| sno | name  |      city       |
 +-----+-------+-----------------+
 |   1 | Mark  | Dallas          |
 |   1 | James | Houston         |
 |   2 | Mary  | Miami           |
 |   2 | Katy  | Fort Lauderdale |
 |   2 | Paula | Orlando         |
 +-----+-------+-----------------+
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pituach avatar image
0 Votes"
pituach answered ·

Hi :-)

According to your answer to my clarification question the following should solve your need (please confirm)



First I create table for test with more rows and options than the opn you provided

 DROP TABLE IF EXISTS T1
 GO
 CREATE table T1 (sno int,sname varchar(200),sname1 varchar(200))
 GO
    
 Insert into T1(sno,sname,sname1)
  Values 
  (1,'1A','1a'), (1,'2A|2B','2a|2b'), 
  (1,'3A|3B|3C','3a|3b|3c'), (1,'4A|4B|4C|4D','4a|4b|4c|4d')
 GO
    
 SELECT * FROM T1
 GO

34786-image.png


And here is the solution


 ;With MyCTE0 as (
  select sno, sname,sname1
  ,s = '["' + Replace(sname, '|', '","') + '"]'
  ,s1 = '["' + Replace(sname1, '|', '","') + '"]'
  from T1
 ),
 MyCTE1 as (
  select sno, s, s1
  , k1 = t.[key], v1 = t.[value]
  from MyCTE0
  CROSS APPLY OPENJSON (s, N'$') t
 )
 SELECT sno, v1 , v2
 FROM MyCTE1
 CROSS APPLY (SELECT t1.[key] k2 , t1.[value] v2 FROM OPENJSON (s1, N'$') t1 where t1.[key] = MyCTE1.k1) t
 GO


34757-image.png



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ErlandSommarskog avatar image
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ErlandSommarskog answered ·

Here is a solution that does not use XML or JSON (which both can result in problems if the data includes characters with a special function in these formats):

       declare @Table table (sno int,sname varchar(200),sname1 varchar(200))
            
      Insert into @Table(sno,sname,sname1)
      Values (1,'Mark|James','Dallas|Houston')
    
 SELECT t.sno, s.str + ' ' + s1.str
 FROM   @Table t
 CROSS  APPLY iter_charlist_to_tbl(t.sname, '|') AS s
 CROSS  APPLY iter_charlist_to_tbl(t.sname1, '|') AS s1
 WHERE  s.listpos = s1.listpos

You find the code for iter_charlist_to_tbl here: http://www.sommarskog.se/arrays-in-sql-2005.html#iter-list-of-strings

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This solution based on loops and even so we cannot always count on the comparing of the relative execution performance I think that in first glance the image says something 9% cost for my solution vs 91% using your functions

Yes, Erland is right, there might be limitations for XML/JSON solutions which should be considered for each case (for example problematic characters which might need to be replaced first).

34737-image.png



0 Votes 0 ·
image.png (18.7 KiB)

That is true, that is not the fast string-split function there is. There are faster ones in the article I linked to. But this is the easiest one to set up, I would suggest that you need a lot of data for the speed of the function to really matter.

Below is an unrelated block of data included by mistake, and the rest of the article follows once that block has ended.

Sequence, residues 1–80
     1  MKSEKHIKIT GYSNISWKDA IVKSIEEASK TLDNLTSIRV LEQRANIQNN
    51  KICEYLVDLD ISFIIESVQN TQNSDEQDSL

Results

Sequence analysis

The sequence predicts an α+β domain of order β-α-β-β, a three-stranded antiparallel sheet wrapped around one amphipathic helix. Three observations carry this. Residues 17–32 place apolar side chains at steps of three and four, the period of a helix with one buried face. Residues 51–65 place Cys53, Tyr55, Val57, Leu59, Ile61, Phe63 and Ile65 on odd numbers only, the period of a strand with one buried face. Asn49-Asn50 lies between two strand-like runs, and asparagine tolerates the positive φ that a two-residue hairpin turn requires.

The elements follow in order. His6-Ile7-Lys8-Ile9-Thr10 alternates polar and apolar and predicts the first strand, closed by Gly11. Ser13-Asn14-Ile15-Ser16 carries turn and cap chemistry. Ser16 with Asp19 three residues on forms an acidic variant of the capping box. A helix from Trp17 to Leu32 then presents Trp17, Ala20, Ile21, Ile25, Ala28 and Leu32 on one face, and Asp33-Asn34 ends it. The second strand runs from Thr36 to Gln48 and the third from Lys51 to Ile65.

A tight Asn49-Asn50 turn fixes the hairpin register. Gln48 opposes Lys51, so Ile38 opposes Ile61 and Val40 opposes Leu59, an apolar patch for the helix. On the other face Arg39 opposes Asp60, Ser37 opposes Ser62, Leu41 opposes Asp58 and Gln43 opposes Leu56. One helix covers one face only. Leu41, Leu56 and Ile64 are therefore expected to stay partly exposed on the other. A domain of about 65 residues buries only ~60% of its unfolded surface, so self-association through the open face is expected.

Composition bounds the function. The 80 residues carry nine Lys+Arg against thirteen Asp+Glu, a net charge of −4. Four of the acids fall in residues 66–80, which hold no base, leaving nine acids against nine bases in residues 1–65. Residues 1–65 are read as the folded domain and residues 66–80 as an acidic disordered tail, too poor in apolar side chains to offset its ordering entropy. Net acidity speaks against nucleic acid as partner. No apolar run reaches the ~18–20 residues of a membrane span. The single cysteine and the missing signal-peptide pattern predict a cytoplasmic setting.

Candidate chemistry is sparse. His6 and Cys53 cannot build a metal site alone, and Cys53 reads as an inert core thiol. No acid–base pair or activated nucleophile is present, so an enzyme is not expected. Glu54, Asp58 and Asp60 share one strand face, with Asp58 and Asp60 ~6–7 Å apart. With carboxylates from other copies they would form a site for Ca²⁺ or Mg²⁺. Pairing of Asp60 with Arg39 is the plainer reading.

And you should know better than comparing the estimated percentages in SSMS. They tell us nothing.

0 Votes 0 ·

34842-image.png

1234567890

0 Votes 0 ·
image.png (13.7 KiB)

Here is a solution that does not use XML or JSON (which both can result in problems if the data includes characters with a special function in these formats

Obviously, it is a legitimate concern. And of course, I am using CDATA section in the T-SQL answer on my computer. Unfortunately, this site doesn't allow their inclusion to the answers. I complained about it many times in the feedback to no avail.

![34810-cdata.jpg][1]


[1]: /answers/storage/temp/34810-cdata.jpg
0 Votes 0 ·
cdata.jpg (29.2 KiB)
Viorel-1 avatar image Viorel-1 YitzhakKhabinsky-0887 ·

The CDATA section helps in case of ‘a<b|c’, but some minor adjustments seem required to make it work in this rare case too: ‘a]]>b|c’.

Although, this is not a subject for present question.



0 Votes 0 ·


Here is a solution that does not use XML or JSON (which both can result in problems if the data includes characters with a special function in these formats) […]

I think that splitting functions can also result in problems if the separator is allowed inside the values using some special rules, like representing ‘|’ as ‘\|’ and ‘\’ as ‘\\’ when ‘|’ is a part of values.

Although, this is not a subject for present question.

0 Votes 0 ·

You are absolutely correct in that regard. However, one will have to assume that the vendor who have specified this format never puts pipes into the data. It they would, their customers would be at loss anyhow.

But when you start to introduce methods such as XML or JSON that the vendor did not have in mind, you are taking a bigger risk.

On the other hand, if would design a format for information interchange, I would absolute go for XML or JSON from the start, exactly because they have methods to deal with meta-characters in the data. And this particular format that SQLWhisper is a victim of is really lousy, since it consists of two strings that must be in sync. It is certainly very brittle.